Carter, 36, of Shorewood, co-owns Carter Reality Group in Joliet with his wife, Carmen. He also has three children. Carter said he will provide some basic financial information to the youth The New Hue mentor, addressing topics such as paying oneself first and the type of credit needed for buying a house.

“And making sure you’re not leveraging your future in terms of retirement for enjoyment today,” Carter said. “Just being patient and making sure you have a plan in place so when retirement comes you can enjoy the fruits of your labors.”

Carter doesn’t want today’s youth to learn those lessons the hard way, as he did. At 18, Carter had several credit cards, little income and used the cards “to make ends meet, instead of using them in emergencies or for expenses and then paying them off at the end of the month.”

Donnis Draper

Draper, 37, of Crest Hill, is a barber at Williams Barber Shop in Joliet. Draper said his involvement as “a no-brainer” and that The New Hue is “something the community needs.”

In fact, Draper intends to participate in any way he’s asked or needed. He agreed to the photo shoot for two reasons. Draper said he knew Braggs was a visionary and because kids need role models, not faraway on TV, but in their hometowns.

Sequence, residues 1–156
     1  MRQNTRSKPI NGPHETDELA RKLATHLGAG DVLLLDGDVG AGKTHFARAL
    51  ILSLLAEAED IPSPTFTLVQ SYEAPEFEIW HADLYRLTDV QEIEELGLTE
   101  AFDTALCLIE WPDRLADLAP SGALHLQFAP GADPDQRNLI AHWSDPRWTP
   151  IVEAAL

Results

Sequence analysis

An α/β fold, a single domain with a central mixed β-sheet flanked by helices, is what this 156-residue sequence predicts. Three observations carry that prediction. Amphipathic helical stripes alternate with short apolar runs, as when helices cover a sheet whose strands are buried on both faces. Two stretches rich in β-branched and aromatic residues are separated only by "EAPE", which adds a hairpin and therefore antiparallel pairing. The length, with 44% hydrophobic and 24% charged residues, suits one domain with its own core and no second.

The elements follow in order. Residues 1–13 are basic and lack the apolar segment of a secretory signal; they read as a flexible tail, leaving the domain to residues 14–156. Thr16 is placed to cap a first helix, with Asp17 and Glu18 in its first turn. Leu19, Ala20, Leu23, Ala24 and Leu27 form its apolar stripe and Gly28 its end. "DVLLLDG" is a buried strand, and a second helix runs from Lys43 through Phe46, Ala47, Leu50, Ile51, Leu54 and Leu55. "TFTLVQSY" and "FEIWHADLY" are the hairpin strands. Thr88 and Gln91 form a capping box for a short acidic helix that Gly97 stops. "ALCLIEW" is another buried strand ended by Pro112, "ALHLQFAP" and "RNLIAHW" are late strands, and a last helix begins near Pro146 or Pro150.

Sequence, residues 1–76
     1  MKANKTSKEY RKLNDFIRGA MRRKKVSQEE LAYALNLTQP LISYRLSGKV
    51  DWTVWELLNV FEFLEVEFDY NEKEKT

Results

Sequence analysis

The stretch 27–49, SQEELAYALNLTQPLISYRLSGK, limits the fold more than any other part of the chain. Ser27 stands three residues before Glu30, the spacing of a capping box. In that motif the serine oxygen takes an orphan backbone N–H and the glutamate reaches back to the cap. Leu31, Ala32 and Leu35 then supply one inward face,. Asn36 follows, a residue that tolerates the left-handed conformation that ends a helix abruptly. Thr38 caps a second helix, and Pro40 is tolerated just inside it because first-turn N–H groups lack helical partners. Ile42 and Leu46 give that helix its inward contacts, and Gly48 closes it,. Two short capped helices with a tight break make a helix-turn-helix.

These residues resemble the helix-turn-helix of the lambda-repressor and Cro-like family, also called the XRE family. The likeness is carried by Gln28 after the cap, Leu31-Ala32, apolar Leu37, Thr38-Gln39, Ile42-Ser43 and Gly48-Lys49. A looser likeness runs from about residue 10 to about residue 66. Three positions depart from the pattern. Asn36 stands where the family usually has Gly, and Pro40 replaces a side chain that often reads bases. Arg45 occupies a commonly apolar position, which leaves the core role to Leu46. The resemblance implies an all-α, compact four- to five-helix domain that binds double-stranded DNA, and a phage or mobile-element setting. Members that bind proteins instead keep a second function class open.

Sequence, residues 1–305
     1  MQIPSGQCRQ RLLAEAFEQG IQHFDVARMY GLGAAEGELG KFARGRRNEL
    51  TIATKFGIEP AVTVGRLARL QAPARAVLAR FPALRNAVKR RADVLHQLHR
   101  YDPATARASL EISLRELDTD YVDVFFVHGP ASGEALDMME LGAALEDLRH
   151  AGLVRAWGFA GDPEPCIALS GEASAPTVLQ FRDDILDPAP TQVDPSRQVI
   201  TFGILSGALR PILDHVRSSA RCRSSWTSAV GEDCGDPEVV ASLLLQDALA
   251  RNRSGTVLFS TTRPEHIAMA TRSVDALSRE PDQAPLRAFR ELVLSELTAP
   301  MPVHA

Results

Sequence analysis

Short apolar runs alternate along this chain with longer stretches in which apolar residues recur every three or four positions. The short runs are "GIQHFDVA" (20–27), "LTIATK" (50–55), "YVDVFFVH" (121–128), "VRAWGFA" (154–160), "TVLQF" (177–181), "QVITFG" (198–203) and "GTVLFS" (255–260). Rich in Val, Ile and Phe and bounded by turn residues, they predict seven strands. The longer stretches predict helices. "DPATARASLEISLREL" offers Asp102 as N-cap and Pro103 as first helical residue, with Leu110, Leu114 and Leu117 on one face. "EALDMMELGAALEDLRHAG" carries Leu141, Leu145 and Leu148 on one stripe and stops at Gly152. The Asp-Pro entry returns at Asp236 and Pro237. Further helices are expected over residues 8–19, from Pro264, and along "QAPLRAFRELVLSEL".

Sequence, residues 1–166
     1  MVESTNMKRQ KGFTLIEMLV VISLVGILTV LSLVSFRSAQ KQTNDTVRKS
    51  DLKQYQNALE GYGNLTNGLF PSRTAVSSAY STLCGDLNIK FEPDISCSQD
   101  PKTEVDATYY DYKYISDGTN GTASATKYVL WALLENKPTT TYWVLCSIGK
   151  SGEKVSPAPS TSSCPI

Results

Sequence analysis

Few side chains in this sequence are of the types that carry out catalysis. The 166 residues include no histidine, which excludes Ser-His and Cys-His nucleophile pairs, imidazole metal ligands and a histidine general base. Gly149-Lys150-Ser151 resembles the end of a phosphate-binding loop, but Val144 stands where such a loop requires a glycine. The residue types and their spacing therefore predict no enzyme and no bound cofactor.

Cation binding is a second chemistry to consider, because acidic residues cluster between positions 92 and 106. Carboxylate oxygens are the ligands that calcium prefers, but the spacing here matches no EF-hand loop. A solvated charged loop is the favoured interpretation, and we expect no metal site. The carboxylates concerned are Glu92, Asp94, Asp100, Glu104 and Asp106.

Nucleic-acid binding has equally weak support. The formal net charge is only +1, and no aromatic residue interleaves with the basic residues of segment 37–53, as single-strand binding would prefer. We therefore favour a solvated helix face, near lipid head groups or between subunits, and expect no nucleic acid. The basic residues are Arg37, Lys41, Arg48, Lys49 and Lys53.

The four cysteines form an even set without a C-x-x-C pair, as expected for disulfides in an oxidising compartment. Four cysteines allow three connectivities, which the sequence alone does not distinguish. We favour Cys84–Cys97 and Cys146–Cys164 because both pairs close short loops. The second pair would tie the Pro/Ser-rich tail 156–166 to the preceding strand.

“I just hope when all is said and done, what The New Hue stands for gives everyone some inspiration to be a better version of themselves,” Draper said.

Courtney Ellis

For Ellis, 36, of Joliet and a Joliet firefighter, his involvement with The New Hue started with a hat. Ellis admired the hats Braggs wore and wanted one, too. So he and Braggs set out for Gorrin Bros. Hat Shop in Chicago’s Wicker Park neighborhood.

As the two childhood friends drove, they reminisced about the men in their lives who encouraged them and built them up. Ellis said he and Braggs talked about how they should do likewise for the younger generation.

Ellis feels the photo shoot was a good place to start and bought into Braggs’ vision.

“He wanted to present men that were well-dressed, that were groomed nicely, that had manners, that were gentlemen,” Ellis said.

Naturally, Ellis wore the hat that started it all.

The Rev. Wendell Martin

Martin, 35, is co-pastor of CityPoint Community Church in Chicago and a career trainer readiness instructor at Joliet Job Corps. He’s married with three children and loves wearing tailored suits, especially the Harlem Renaissance type.

Yes, he is planning a photo shoot with Braggs. Why?

Because Martin feels its important for today’s youth to know how tie a necktie and shine their shoes, skills Martin’s father taught him in childhood, skills he stresses – and teaches – to students at Joliet Job Corps.

First appearances are important, Martin said, especially at job interviews.

“If they don’t remember your name,” Martin said, “at least they’ll remember the way you looked.”

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KNOW MORE

To read the stories, see more photos, view the videos, visit www.thenewhue.org. For more information, email thenewhue1@gmail.com.